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Media interest increases disease reporting

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Media coverage of mumps outbreaks boosts surveillance and monitoring figures, suggests a UK study.

Media coverage of mumps outbreaks boosts surveillance and monitoring figures, suggests a UK study.

Doctors in England and Wales are legally required to report certain infectious diseases. But the authors said they appeared tobe spurred into action by media coverage.This has implications for surveillance systems, they said, as normal reporting figures may mask the true prevalence of certain diseases.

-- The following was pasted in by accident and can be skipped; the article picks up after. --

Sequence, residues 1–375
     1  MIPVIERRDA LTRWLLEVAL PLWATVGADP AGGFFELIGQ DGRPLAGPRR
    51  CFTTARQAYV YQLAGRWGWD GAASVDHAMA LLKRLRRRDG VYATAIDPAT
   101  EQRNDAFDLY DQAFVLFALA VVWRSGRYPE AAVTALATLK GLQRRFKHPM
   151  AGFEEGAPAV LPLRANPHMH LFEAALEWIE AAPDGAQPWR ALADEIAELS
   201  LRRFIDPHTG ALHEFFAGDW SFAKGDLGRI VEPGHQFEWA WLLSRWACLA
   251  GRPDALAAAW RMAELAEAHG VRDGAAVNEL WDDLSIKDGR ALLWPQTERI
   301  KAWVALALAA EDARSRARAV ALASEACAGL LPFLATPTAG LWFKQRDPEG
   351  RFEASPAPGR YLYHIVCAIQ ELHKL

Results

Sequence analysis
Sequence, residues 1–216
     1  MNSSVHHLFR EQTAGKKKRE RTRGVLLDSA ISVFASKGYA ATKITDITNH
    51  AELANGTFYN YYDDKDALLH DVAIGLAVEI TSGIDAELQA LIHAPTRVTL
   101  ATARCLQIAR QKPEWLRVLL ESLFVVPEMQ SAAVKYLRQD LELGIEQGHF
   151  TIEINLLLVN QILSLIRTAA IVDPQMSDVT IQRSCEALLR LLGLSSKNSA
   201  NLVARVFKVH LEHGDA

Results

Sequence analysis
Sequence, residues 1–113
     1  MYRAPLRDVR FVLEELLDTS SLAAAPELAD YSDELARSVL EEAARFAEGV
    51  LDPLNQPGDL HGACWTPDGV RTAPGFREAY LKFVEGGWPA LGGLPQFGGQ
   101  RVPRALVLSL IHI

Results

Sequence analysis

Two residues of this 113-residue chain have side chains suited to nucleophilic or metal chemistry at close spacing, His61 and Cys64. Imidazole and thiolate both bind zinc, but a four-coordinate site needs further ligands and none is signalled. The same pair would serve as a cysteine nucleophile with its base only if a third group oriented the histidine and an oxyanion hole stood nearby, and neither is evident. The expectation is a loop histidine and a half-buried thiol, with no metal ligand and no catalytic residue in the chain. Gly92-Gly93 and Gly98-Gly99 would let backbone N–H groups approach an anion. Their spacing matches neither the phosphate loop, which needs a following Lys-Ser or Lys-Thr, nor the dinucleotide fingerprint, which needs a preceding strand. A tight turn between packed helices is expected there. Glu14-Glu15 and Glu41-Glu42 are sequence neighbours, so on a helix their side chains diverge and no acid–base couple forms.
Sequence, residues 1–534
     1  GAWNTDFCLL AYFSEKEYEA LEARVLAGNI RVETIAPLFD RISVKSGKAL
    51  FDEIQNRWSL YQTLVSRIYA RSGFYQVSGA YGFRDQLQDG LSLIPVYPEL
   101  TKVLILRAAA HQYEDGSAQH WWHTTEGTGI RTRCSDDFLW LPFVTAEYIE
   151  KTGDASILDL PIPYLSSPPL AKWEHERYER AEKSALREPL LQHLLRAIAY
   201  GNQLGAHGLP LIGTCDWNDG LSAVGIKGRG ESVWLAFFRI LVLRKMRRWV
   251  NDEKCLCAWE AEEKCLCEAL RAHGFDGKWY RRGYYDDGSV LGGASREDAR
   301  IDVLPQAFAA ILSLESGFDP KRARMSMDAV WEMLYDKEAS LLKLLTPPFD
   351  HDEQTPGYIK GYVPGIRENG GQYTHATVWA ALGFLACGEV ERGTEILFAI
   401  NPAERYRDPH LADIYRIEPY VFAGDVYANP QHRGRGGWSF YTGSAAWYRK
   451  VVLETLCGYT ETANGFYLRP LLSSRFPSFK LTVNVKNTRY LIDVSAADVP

Researchers assessed the number of mumps cases in England and Wales reported over a period of 10 weeks in the summer of 2004. During weeks five to six, there was intense media coverage of the mumps epidemic in 15 to 24 year olds -sparked by a press release.

Before media interest, mumps notification rates were falling. In the fortnight in which the press release was issued, national notifications went up from 28.3 to 42.8 per 100,000 of the population. Reports fell back considerably in the following two weeks.

Journal of Epidemiology and Community Health (2007) 61: 385-8

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